I've also realized that in a largely rural community such as Pioneer, there needs to be something that serves as the backbone. Churches and organizations provide that, but also the school is a major contributor to the strength people feel in the community.
Is there stress right now? Absolutely. But I think we need to trust the decision-makers to focus straight ahead in terms of trying to provide Pioneer with what they know is important in order for our kids to be successful.
Q: What are your goals as we head into this period of interim leadership?
A: I'll be honest, my goals mean nothing. I'm a visitor at Pioneer. It's foolish for me to say, "Let's make these three goals," and then when you've hired a new superintendent, they establish their own priorities.
I believe my chief responsibility is to rally the school professionals, in conjunction with the Board of Education, to make thoughtful, careful decisions on what they want their immediate direction to be. The search for a new superintendent is a primary goal of the board.
As for the four school buildings, their primary objective is to develop and assess their current standing with regard to academic success and student programs, and take the next incremental steps within those programs. There's no doubt that one of those priorities needs to be the academic recovery from the pandemic. Every school administrator I've talked to has stressed that as an area of focus.
We have a lot of kids that fell behind, both at Pioneer and statewide. Not just academically, but socially and emotionally, and in understanding responsibilities and the rules at school. So whatever programs buildings and departments want to focus on, recovery has to be in the forefront.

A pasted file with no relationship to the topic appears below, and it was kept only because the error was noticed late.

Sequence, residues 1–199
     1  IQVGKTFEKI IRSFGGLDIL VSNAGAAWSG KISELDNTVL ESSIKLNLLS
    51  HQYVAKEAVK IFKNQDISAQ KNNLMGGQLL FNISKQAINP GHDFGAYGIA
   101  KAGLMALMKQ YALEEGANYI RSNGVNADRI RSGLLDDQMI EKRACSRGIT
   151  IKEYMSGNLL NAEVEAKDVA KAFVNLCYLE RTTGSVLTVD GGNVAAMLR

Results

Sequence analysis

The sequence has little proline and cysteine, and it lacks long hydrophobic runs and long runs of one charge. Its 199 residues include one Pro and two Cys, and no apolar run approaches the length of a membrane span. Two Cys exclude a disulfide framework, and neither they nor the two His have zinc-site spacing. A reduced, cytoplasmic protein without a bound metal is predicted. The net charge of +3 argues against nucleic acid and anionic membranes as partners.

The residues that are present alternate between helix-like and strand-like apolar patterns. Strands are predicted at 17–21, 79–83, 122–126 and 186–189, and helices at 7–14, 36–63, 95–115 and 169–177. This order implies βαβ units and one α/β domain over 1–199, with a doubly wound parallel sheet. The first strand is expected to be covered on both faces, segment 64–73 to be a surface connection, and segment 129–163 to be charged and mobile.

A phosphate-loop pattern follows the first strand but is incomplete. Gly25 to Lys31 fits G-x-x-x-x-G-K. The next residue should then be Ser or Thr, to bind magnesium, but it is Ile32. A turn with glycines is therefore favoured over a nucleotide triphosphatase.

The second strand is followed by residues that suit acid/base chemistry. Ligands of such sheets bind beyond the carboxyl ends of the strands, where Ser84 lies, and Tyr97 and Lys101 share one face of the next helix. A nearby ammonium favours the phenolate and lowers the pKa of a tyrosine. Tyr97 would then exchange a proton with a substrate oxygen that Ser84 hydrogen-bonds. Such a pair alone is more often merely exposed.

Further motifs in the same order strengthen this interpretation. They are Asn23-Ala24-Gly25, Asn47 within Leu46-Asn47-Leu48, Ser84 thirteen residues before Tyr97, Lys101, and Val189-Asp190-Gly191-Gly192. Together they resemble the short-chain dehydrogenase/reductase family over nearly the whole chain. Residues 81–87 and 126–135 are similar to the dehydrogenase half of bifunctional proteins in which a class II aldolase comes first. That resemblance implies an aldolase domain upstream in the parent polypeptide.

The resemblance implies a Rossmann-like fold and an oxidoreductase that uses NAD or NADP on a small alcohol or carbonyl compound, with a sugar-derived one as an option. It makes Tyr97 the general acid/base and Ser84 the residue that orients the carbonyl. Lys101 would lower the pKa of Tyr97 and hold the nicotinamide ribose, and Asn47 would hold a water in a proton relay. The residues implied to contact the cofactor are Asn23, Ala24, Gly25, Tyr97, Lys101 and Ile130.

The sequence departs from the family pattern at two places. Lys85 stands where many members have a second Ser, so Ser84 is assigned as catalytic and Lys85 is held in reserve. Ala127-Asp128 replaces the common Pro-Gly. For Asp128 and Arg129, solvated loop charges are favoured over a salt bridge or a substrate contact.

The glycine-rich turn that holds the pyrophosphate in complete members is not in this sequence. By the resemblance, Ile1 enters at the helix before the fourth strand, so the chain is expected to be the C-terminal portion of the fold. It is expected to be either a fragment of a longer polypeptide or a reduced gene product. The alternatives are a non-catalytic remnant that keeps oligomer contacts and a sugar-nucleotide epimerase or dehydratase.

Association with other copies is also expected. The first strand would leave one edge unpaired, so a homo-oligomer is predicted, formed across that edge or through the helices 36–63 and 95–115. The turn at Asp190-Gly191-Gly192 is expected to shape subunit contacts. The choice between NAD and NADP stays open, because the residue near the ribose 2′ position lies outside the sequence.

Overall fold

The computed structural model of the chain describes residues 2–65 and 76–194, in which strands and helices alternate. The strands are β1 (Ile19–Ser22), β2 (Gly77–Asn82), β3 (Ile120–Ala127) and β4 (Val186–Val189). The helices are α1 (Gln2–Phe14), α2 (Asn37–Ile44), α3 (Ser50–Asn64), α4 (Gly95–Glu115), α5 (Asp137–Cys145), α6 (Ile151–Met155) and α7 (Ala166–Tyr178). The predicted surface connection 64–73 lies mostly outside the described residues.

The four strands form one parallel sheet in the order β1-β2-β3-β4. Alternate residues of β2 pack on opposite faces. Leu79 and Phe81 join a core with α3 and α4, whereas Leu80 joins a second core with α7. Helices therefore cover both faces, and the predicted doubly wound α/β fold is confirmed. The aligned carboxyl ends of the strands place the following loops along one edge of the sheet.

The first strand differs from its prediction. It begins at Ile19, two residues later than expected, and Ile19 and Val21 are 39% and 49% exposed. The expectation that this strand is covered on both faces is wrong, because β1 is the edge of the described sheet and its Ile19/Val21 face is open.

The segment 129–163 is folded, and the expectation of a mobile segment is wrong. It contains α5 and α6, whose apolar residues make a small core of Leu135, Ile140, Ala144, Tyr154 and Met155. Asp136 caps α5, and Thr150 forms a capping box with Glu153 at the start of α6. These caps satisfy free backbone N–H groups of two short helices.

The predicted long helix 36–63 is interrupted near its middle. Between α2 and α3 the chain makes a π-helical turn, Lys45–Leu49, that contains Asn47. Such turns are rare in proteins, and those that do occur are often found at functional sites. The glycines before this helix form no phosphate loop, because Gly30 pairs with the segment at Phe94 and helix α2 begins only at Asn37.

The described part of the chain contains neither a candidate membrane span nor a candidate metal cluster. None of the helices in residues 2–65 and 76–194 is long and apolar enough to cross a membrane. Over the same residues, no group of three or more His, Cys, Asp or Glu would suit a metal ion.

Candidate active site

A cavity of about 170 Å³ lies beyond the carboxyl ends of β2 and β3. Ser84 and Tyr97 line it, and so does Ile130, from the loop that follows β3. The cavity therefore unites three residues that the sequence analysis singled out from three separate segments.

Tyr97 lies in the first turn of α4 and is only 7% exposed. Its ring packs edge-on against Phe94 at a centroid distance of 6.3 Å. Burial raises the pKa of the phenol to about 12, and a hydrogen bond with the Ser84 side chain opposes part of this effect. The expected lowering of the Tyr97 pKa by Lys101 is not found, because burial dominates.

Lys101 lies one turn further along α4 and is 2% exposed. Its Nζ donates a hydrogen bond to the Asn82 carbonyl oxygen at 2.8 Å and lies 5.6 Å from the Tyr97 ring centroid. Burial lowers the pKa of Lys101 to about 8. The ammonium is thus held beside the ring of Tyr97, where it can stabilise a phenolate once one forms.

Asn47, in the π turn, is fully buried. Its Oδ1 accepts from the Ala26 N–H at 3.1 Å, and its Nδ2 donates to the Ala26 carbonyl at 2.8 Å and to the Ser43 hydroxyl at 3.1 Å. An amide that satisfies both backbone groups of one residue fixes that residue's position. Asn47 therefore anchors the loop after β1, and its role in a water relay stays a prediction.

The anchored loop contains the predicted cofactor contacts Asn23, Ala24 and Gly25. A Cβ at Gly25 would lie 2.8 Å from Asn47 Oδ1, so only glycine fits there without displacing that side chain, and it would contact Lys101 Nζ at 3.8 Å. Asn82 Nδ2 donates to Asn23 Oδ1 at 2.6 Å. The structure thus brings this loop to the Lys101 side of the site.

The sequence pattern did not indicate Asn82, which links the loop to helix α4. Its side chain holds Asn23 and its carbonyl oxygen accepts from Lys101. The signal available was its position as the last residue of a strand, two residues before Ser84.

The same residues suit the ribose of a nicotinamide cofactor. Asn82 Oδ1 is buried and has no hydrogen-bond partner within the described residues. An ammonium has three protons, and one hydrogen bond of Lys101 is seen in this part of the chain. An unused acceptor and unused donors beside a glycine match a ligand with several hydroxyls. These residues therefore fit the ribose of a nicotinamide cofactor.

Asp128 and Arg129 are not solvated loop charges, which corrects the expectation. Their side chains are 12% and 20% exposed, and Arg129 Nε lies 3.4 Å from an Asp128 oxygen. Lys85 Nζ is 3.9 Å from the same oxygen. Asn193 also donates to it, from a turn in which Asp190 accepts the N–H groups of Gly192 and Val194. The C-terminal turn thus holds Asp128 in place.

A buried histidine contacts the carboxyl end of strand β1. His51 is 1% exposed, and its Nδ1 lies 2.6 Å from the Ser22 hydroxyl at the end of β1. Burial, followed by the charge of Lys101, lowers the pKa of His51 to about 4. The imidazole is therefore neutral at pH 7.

Q: How do Pioneer's challenges compared to other districts at which you've been an interim?
A: In all four of my interim superintendent opportunities, it's a been a situation where there was something 'going on' in the school district. Pioneer is the fifth. I think part of the reason I was asked to come here was because it wasn't 'smooth sailing' upon arrival.
There are not too many districts of Pioneer's size that can lose both a superintendent and a high school principal as a result of difficult situations, and not feel stress and anxiety. Even under normal circumstances, that's a lot to ask.
Compounding that is when you have an interim superintendent who comes on board and whom nobody knows them. So right away, people say, "Ah geesh, here we go. When are we going to get back on course?"
And I get it. People want to see proof, see results. But contrary to what people might think—and I'll only be here as long as my interim period—I have an immense amount of pride. I do know how to do this job. That doesn't mean we don't make mistakes. However, while many might be looking and saying, "There's a void of leadership at Pioneer!", I hope they're willing to give me an opportunity to lead us down the road successfully.
Q: Has the district been transparent enough with regard to its leadership issues?
A: Intentionally, I have not been involved in any conversation regarding either of the matters, nor do I intend to. I don't know either gentleman. I don't know any of the details that led to the current situation. I think when community members claim the board has not been transparent, that is more related to legal responsibilities than intent.
I'm still getting to know this board, and we haven't met since my initial interview. I haven't been in any of the meetings where they discussed staffing or legal matters. That is by design. I do not want to be a part of it.
I will say my immediate plan involves addressing the leadership at the high school. And beyond that, helping to alleviate the leadership issues at the district level.